As the Crow flies

While I was in Mumbai, and also in other parts of India, there was something fascinating about the crows that I can’t quite describe.  Crows in the U.S. are quite appealing to me in their own right.  They are very intelligent birds.  They learn quickly, and they listen to you as you talk, though they may simply fly away after.  They are canny birds.

Indian crows are different.  Those I saw in Mumbai most frequently had an odd dirty gray ruff around their throats, a lighter colored feather that fluffed out and didn’t have the same obsidian shine as the other feathers. When the rains came, and feathers clumped, I could see these ruffs were once white and had only been smogged and grimed and dirtied on the outside edges.  After a bit of research, evidently such white sections of plumage are common to several species of the Corvus genus of crow.

It was also the images of crows that stuck most particularly in my mind in ways that other birds did not.  It was the crows who were brave enough to hop right up to me on the balcony of our office when I went to take pictures of the cityscape, hoping for a handout.  The smaller birds had flown at my approach and the pigeons merely shifted uncomfortably, but the crows gazed deep into my eyes as I spoke to them and did not flinch.  They merely cocked their heads expectantly, a conscientious audience.

It was the crows that were the most vigorous scavengers, raiding the gutters and the refuse piles, stealing the sandwiches of the unwary, pecking out the guts of rat remains.  I don’t remember seeing more than one or two seagulls in the city by the sea, but there were literally thousands of crows.  They posed for my photographs, sitting jauntily on the heads of statues or balancing easily on thin strips of wire.  Did they know they were framing my early morning photos of the Taj?  Undoubtedly.  A crow is nothing if not vain.  And yet, despite the attitude, they remain some of my favorite birds and I can’t help thinking of them as beautiful, whether common or not.

Here you can see quite clearly the discolored sections around the neck and throat which are a bright white underneath and this odd gray brown (whether through dirt or nature was never confirmed) on the outside. Yes, these two are resting on the statue of a life-size crocodile. No respect these days.

Crow, soaring from its perch on the Flora Fountain just as I take this picture.

Crow flying near Socialist statue

A statue of crows in Horniman Park. Do I know why crows have to do with freedom and Gandhi? No, but it is another reason crows are awesome.

Crow. On the crow statue.

Crow, staring pensively at the Taj Mahal in the morning mist.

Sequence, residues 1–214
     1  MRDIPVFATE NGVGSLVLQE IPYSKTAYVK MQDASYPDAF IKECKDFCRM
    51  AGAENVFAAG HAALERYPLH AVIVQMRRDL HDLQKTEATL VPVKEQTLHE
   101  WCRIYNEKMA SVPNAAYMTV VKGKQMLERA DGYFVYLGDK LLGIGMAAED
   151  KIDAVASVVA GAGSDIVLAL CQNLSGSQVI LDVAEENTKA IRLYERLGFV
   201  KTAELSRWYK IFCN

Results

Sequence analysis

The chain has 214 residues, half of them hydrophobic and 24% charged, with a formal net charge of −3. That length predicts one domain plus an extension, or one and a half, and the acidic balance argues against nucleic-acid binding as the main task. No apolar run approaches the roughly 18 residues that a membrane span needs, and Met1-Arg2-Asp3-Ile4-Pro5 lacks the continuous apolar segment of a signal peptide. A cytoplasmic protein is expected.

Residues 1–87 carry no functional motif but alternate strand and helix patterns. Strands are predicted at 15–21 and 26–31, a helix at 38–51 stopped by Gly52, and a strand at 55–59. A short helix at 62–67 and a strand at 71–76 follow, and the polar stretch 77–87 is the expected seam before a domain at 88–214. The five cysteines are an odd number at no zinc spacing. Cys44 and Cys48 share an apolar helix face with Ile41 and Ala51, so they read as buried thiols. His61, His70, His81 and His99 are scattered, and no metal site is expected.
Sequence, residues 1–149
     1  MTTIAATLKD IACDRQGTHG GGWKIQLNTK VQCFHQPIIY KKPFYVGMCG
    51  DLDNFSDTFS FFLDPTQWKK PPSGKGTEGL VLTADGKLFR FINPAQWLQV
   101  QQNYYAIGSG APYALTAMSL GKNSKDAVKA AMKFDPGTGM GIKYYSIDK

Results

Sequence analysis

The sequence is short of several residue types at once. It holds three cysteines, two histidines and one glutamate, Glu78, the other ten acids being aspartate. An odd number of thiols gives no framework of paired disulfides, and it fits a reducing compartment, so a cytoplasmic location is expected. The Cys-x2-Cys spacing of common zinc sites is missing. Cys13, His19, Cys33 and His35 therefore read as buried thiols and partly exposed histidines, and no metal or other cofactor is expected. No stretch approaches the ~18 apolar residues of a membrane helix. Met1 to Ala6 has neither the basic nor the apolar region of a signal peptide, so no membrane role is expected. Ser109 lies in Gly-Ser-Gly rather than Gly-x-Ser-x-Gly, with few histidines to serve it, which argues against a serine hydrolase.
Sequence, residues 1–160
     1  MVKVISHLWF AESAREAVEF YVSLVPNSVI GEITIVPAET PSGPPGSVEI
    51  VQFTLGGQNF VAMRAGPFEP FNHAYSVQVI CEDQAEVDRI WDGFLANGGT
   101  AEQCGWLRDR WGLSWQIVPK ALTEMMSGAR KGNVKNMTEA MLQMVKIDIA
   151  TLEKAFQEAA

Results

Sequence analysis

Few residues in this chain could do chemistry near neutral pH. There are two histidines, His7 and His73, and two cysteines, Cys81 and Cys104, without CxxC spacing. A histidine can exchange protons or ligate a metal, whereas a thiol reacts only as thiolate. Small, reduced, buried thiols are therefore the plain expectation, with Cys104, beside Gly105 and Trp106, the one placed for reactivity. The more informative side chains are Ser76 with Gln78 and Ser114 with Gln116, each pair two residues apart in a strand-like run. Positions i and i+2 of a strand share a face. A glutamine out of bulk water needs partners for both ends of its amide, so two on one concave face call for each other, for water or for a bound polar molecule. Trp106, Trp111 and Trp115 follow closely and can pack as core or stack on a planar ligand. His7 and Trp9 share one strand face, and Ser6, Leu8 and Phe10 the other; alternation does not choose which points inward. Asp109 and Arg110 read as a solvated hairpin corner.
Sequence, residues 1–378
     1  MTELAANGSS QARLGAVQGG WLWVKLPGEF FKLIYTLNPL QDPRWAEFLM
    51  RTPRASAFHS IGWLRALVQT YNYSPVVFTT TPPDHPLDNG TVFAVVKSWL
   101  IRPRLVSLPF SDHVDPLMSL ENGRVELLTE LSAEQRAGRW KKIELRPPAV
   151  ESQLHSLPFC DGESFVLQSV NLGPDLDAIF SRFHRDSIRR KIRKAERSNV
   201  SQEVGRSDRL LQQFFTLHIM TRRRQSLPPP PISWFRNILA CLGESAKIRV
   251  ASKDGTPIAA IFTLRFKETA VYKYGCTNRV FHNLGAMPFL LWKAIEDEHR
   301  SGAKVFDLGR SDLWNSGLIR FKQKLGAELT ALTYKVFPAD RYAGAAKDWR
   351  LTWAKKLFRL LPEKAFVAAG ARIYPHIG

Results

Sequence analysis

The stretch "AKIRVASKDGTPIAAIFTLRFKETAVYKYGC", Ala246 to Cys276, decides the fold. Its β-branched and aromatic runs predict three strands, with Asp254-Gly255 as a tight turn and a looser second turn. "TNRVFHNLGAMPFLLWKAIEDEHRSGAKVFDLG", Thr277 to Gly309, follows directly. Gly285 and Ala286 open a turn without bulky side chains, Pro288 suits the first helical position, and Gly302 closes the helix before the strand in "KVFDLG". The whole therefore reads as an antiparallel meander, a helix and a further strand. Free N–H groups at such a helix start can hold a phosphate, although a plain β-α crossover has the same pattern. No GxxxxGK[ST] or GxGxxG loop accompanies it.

A little bit about Mumbai

At long last, with my midday break from classes, I’m finally catching up a bit on my writing and recounting on my adventures this past summer.  Therefore, after much photo editing, I’m starting off with a few brief reflections on Mumbai.

When I talk about Mumbai, I mean south Mumbai, the city proper.

In this area, where I lived and worked for the summer, planning is key.  Streets are wide – tree lined boulevards are the norm.  The buildings are elaborate, full of odd corners and design motifs ranging from European to Aztec.  Even the grocery store is decorated like a Czarina’s birthday cake.

A tree-lined avenue

In front of a Parsi temple

Sahakari Bandar, the grocery store

Of course, this is the area of the city designed to a certain look. It was laid out to be beautiful, to be bordered by elegant parks and small niches of green.  The train station was designed to be beautiful.  The central post office was meant to look like a sultan’s palace.  And the buildings in the area remain elegant, even in disrepair.  The tumbledown remains of former facades provide the facing and framing that make the concrete bulk of modern buildings so much more appealing to the eye.

Decorative elaboration

Damaged decor

Saint Thomas Cathedral in Fort - a quiet corner of green space

Fountain in from of Saint Thomas Cathedral

CST (Former Victoria Terminus), a local train depot in south Mumbai

Municipal building across from CST

Central Post Office, Mumbai

Horniman Park - another isle of green

A portico framing a boxy concrete apartment building

In addition, south Mumbai remains the primary destination for tourists in the area.  It is the site of the majority of museums in the city and a number of other famous landmarks.

Prince of Wales Museum

National Gallery of Modern Art

Jehangir Art Gallery

Another view of the Prince of Wales Museum

Gateway of India

David Sassoon Library

But I enjoyed it most not for any of these reasons.  It was the areas where Mumbai took on a kind of shabby chic life that I was most drawn.  The odd corners where plants began to grow off of buildings, where birds rested on unusual perches, or where plant life began to take over for more substantial man-made structures drew me.

Tenacious plants on the facade

This is not a real croc.

Flora Fountain

Tree vs. fence